Paying for School

My ongoing adventures in life and the pursuit of more...

Saturday, February 18, 2012

In Need of a Sub

If this were a fictional story I'd say the author was a little heavy handed with the symbolism.  But my story is mostly non-fiction so I need to pay attention to these signs.

2012 started with the loss of one of my spiritual mentors, a faithful friend and travelling companion.  Now, in the middle of February, I've lost the other pole on my compass for this pilgrimage.  My good friend George passed away this week.  I just spoke to him on the phone earlier this week - well, I listened while he yelled at me - but it seemed like one of our regular conversations.  Yesterday I found out he's packed up the tent and he's left.

An early encounter with George went like this.  Our church was meeting in a large basement of an old building that had been a Zellers.  On this Sunday we were having a potuck after the service and word was out on the street.  George came in for coffee at the start of the service but couldn't stick around.  While I was speaking I noticed him come in, come halfway down the steps, look around and walk back out.  Finally he came back and I was still talking, probably on my second, "so let me wrap up by saying..." and George asked someone back by the stairs, "GODDAMMIT HOW LONG IS HE GONNA TALK!!!???"  My friend George was hungry and my talking was keeping the party from starting.  My conclusion came much clearer and more quickly.

A couple weeks ago, George and I were out for breakfast.  The routine: stop by his place and load the trunk of the car up with bags of bottles he'd collected, take them to the recycling depot he'd been told never come back to, he'd wait in the car while I did the deal.  Sometimes he would get $7, sometimes $10, this last time he scored $17.  When I got in the car I handed him the twoonie.  "That's all they gave you?!!!" he shouted.  Then I gave him the five and he smiled.  Then I handed him the ten and I'm pretty sure there was a tear in his eye.  And then he asked me, "So whatta ya say you take me out for breakfast at our favourite place, you ol' french toast?"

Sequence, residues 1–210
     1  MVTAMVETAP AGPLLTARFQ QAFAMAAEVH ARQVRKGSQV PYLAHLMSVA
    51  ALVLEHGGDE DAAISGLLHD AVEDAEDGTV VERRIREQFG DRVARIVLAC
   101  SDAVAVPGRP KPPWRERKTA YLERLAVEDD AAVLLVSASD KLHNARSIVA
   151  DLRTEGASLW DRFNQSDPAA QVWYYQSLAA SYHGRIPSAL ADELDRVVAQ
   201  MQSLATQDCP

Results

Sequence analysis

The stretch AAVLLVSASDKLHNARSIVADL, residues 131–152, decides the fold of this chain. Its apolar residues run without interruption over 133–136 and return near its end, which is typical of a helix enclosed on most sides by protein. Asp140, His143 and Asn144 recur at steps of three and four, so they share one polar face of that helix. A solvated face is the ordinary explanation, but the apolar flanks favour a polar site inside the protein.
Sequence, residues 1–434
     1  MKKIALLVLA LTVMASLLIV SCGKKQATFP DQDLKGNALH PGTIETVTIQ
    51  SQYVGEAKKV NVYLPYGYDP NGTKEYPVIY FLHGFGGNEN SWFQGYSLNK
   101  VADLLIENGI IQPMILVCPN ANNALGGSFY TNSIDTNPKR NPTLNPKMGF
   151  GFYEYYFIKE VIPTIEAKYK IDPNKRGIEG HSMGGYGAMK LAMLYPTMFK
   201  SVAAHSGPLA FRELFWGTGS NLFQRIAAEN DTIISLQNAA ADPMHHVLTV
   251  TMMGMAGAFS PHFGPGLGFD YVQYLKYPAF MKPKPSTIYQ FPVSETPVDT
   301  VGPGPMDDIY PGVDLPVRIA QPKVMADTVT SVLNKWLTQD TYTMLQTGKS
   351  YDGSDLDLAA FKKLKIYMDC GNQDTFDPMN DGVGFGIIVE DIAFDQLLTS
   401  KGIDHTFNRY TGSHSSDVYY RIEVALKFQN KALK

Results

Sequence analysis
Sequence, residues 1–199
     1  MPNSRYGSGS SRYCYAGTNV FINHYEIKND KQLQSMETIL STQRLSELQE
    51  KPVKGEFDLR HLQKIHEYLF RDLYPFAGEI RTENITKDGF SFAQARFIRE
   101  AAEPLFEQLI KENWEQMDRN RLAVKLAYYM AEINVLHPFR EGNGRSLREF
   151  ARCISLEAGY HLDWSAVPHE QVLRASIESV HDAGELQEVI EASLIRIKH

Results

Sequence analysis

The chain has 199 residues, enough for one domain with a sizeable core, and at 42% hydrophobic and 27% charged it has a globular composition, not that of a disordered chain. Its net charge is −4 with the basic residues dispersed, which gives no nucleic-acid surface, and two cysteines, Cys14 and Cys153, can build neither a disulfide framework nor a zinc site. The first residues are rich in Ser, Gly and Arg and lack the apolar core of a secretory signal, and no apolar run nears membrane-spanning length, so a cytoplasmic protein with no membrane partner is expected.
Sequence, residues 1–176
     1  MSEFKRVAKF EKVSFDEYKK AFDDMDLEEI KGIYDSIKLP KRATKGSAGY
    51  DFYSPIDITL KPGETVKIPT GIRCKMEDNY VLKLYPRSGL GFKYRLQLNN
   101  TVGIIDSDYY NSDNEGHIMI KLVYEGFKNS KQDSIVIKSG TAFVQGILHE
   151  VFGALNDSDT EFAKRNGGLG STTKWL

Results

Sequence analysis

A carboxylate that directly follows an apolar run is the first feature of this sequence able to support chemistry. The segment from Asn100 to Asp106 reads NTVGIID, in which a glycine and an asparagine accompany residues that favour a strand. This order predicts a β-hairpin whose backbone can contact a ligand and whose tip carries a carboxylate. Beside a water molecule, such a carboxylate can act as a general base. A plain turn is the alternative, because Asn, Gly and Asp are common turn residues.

He either called me a food of some kind or he'd refer to me with something like, "Your blessedness".  On the way to Cora's he'd start to preach or sing a hymn and tell me not to worry that he wasn't going to take over my job but he could.  And each time I'd offer him the chance to sing or preach if he'd come with me on Sunday morning.  He'd brush off my invitation with, "I can't sit for a whole hour!"  And he really couldn't.

At Cora's he would always order the same meal.  This last time though he was swayed by the picture of a special coffee in the menu.  It wasn't the caffeine he wanted, it was the pile of whipped cream on top of the coffee that made his eyes get big.  So our last time out, (which turns out to be last time ever) I ordered that drink to go along with his usual: o.j., plain oatmeal, extra sugar.  He sweet talked the waitress, read words off the walls to me and told me stories about his good friend Joe.  When the coffee arrived he grabbed his spoon and ate the whipped cream by scoops.  Once he was down to the coffee he pushed it towards me, finished.

I tried to engage in some conversation but he was having a harder time than usual hearing me or staying on a single topic.  We came back to one of his favourite questions for me, "How can you believe in Jesus if you can't see him?"  And once again I'd launch into an explanation that bored him about 3 seconds in.  Thirty seconds later he was telling me about Jesus and starting up another sermon which he first threatened to take over my job with and then relented and told me he didn't want my job.